Invasion and Metastasis Robert B. Rebhun, DVM, PhD, DACVIM (Oncology)

Overview
Metastasis is a common cause of death in patients with solid tumors. Research in this area may lead to better identification of patients at risk of developing metastasis in addition to improved therapies for patients with metastatic disease. This lecture is intended to provide a basic overview of tumor invasion and metastasis. We will start with an introduction to the steps of the metastatic cascade, including a review of foundational experimental and clinical evidence that has led to our current understanding of this process.  We will then cover the fundamentals of tumor progression, as it relates to metastatic heterogeneity, and review evidence supporting Stephen Paget’s original “seed and soil” hypothesis. With this knowledge we will move into examples of how stromal and immune cells may interact with tumor cells to regulate or facilitate individual steps of the metastatic cascade. Finally, we will review current concepts and trends in metastasis research including the potential fate of disseminated tumor cells, importance of the metastatic niche, reactivation of dormancy, and implications for the clinical therapy of metastasis.  

Learning Objectives
Recall the steps of the metastatic cascade and the 'decathlon' analogy
Assimilate the fundamental experiments that have led to our understanding of the metastatic cascade
Provide an example of paracrine signaling or cross-talk between tumor tissues and stromal tissues/immune cells and explain how this might lead to tumor progression or metastasis
Recognize strengths and shortcomings of common in vitro and in vivo techniques capable of evaluating metastasis
Understand the clinical implications (and limitations) of detecting tumor cells within the circulation, regional nodes or distant tissues
Assimilate and discuss with clients, in lay terms, the metastatic cascade and how it relates to their pet's recommended treatment
Recognize and define the concepts of "seed and soil", "foraging", tumor heterogeneity, exosomes and tumor dormancy

 

Duration
75 minutes

Cost
$0 ACVIM Diplomates and Candidates
$45 ECEIM, ECVIM-CA, ECVN Diplomates and Candidates
$75 Nonmembers

RACE CE Hours
This module has been submitted and approved for 1.25 hours of continuing education credit in jurisdictions which recognize AAVSB RACE approval.


Presenter
Robert B. Rebhun, DVM, PhD, DACVIM (Oncology) 
Professor and Maxine Endowed Chair in Medical Oncology 
UC Davis School of Veterinary Medicine

Dr. Rebhun currently serves as Professor and Maxine Adler Endowed Chair in Medical Oncology at the University of California-Davis School of Veterinary Medicine. Dr. Rebhun is a second-generation veterinarian who received both his Bachelor of Science and Doctorate of Veterinary Medicine degrees from Cornell University. He then earned a Ph.D. degree in Cancer Biology from the University of Texas Health Science Center at Houston/M.D. Anderson Cancer Center Graduate School of Biomedical Sciences under the mentorship of Dr. Isaiah Fidler. Dr. Rebhun went on to complete a medical oncology residency at the Flint Animal Cancer Center, at the Colorado State University College of Veterinary Medicine and Biomedical Sciences. Dr. Rebhun’s research is focused on comparative and translational oncology, with specific interests in metastasis, novel therapeutics, and immunotherapy. He has successfully maintained NIH funding since first being awarded a K01 SERCA award in 2011. Dr. Rebhun also serves as Chair of Admissions for the Graduate Group in Integrative Pathobiology at UC Davis and is Associate Director of the Cancer Program within the UC Davis Center for Companion Animal Health.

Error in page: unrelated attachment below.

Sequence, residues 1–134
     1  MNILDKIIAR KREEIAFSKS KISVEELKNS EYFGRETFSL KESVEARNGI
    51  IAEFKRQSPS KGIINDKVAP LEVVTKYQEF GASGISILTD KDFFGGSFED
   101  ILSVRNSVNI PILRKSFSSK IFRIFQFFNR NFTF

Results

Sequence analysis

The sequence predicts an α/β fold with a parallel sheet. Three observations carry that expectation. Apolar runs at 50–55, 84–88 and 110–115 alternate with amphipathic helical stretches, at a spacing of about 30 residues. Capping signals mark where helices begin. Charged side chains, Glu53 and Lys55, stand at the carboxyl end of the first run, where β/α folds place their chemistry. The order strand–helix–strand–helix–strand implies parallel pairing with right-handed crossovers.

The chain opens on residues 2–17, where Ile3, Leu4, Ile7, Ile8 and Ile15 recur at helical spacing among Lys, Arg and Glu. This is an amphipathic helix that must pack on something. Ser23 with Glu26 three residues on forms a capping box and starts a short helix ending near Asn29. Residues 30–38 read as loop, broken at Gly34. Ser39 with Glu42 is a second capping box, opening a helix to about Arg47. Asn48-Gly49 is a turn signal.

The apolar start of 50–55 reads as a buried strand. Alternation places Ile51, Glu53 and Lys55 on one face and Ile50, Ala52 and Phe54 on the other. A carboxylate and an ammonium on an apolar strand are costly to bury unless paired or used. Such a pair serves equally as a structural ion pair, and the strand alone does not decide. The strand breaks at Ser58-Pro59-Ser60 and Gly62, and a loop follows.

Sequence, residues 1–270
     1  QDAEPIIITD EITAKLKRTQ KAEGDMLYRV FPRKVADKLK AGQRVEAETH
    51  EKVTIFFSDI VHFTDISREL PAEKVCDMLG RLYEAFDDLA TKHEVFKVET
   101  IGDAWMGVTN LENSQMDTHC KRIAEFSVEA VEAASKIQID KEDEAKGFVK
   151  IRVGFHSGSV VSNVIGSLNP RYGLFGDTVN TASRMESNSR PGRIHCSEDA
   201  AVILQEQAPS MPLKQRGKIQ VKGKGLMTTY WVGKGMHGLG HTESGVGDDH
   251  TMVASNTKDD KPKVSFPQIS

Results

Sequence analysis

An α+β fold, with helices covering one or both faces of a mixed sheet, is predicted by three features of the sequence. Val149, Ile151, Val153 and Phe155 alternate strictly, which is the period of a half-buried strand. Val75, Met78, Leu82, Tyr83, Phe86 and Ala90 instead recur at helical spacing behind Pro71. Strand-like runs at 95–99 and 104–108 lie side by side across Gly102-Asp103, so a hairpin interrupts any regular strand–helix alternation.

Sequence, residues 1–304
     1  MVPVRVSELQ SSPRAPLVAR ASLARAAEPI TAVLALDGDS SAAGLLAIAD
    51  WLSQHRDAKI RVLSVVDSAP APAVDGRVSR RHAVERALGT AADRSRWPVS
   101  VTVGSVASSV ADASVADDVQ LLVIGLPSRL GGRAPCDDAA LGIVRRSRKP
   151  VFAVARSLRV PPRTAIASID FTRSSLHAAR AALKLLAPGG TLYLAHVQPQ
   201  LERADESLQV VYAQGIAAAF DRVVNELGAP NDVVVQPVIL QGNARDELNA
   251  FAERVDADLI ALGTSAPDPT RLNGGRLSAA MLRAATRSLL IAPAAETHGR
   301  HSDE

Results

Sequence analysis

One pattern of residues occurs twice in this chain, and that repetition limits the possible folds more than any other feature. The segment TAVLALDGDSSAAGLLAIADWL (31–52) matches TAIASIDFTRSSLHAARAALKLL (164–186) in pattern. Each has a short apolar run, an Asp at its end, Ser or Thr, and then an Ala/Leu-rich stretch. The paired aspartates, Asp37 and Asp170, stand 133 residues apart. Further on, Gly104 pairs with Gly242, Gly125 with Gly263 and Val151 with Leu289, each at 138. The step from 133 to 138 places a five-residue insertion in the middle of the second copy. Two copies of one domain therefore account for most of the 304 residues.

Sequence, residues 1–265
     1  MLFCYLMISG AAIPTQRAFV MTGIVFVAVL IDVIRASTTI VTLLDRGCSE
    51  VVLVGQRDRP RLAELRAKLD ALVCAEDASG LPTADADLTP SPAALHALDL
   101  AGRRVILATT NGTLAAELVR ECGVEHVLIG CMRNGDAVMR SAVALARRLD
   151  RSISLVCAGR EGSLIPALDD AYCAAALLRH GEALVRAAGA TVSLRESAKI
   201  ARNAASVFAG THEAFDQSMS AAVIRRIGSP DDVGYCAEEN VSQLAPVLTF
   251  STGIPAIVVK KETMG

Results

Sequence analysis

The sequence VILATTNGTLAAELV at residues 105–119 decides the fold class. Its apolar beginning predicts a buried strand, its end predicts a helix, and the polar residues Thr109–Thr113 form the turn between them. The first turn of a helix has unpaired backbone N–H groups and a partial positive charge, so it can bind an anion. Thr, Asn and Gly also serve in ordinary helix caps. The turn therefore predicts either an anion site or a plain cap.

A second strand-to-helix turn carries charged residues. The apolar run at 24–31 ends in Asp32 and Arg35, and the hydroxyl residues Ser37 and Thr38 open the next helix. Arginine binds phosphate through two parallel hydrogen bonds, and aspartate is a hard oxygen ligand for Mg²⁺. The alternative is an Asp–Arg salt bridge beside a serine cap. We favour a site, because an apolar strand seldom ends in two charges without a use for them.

Pharmacology of Cancer Drugs and Resistance Luke Wittenburg, DVM, PhD, DACVCP

Overview
In this course we discuss the early findings with regard to the kinetics of tumor cell death that lead to current approaches to the treatment of cancer. For the major classes of cytotoxic agents that are used in veterinary medicine we have a detailed discussion of the mechanisms of action and potential mechanisms leading to intrinsic and/or acquired resistance. We also discuss some of the concepts that underlie combination chemotherapy and finally, provide some examples of the link between pharmacokinetics and pharmacodynamics of some chemotherapy agents.  

Learning Objectives
Describe the kinetic basis of cancer drug therapy
Describe determinants of intrinsic tumor cell sensitivity, specifically related to drug class and cell-intrinsic factors
Describe putative mechanisms of action for anti-cancer agents used in veterinary medicine
Describe key components driving efficacy of combination chemotherapy: dose intensity and effect of schedule
List and provide examples of tumor cell resistance mechanisms for anti-cancer agents used in veterinary medicine: intrinsic resistance, acquired resistance and pharmacokinetic factors influencing dose-response relationship
Describe the pharmacokinetic-pharmacodynamic relationships driving efficacy and toxicity for select drugs: carboplatin and doxorubicin

 

Duration
90 minutes

Cost
$0 ACVIM Diplomates and Candidates
$45 ECEIM, ECVIM-CA, ECVN Diplomates and Candidates
$75 Nonmembers

RACE CE Hours
This module has been submitted and approved for 1.5 hours of continuing education credit in jurisdictions which recognize AAVSB RACE approval.


Presenter
Luke Wittenburg, DVM, PhD, DACVCP 
Assistant Professor, Developmental Cancer Therapeutics
Surgical and Radiological Sciences
Center for Companion Animal Health